Tuesday, August 11, 2009

Madrona, Arbutus Menziesii

Arbutus Menziesii (ar-BYOO-tus menz-ESS-ee-eye) or our Pacific Madrona (aka Madrone) is a majestic tree which flourishes all along the west coast from British Columbia to California. A rather fast growing and drought tolerant evergreen, some tower nearly 50 feet in the outlying perimeter of our garden and they thrive upon the dry rocky slopes, the place to which they seem best suited.

They seem to prefer being left alone. Seeds stratify naturally and freely outdoors and seedlings emerge throughout the garden. Transplanting them is generally unsuccessful, and allowing them to grow in the wild seems to be our preference as well, for they do create a bit of a mess.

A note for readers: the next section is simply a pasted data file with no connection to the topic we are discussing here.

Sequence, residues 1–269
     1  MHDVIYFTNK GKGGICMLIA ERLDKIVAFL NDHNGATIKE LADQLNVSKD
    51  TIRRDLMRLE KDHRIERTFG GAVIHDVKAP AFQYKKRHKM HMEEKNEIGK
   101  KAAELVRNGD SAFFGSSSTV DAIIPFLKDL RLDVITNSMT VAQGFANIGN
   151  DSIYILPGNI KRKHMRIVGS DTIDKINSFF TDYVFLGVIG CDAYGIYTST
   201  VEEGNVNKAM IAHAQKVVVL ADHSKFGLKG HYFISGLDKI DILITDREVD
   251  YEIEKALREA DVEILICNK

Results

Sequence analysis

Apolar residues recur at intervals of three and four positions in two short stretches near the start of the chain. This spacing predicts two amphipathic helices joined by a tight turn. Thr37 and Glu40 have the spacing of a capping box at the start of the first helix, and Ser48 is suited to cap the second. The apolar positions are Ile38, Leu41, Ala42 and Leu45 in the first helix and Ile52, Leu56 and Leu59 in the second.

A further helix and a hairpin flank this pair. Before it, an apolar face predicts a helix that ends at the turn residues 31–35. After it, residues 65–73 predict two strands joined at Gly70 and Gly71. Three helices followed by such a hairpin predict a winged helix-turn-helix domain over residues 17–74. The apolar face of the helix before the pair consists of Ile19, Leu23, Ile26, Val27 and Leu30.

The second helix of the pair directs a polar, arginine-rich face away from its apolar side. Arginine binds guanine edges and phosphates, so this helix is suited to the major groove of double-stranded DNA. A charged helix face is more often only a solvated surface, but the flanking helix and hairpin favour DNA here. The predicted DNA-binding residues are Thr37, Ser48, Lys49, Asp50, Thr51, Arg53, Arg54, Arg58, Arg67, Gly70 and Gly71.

Beautiful and fragrant panicles of white bell-like spring blossoms fall to the ground as do the cluster of red berries in late fall, and currently many of the once glossy dark green leaves have turned brown and the earth beneath has been blanketed with a massive carpet.

We admire their year round beauty, and from afar they command my attention this early morning as the suns ray begins its caress upon the rich and warm sienna flesh. The bark peels away with maturity leaving a smooth green surface.

An exciting time of year approaches: the Cedar Waxwings will soon descend upon us as the red berries ripen just in time for there picking.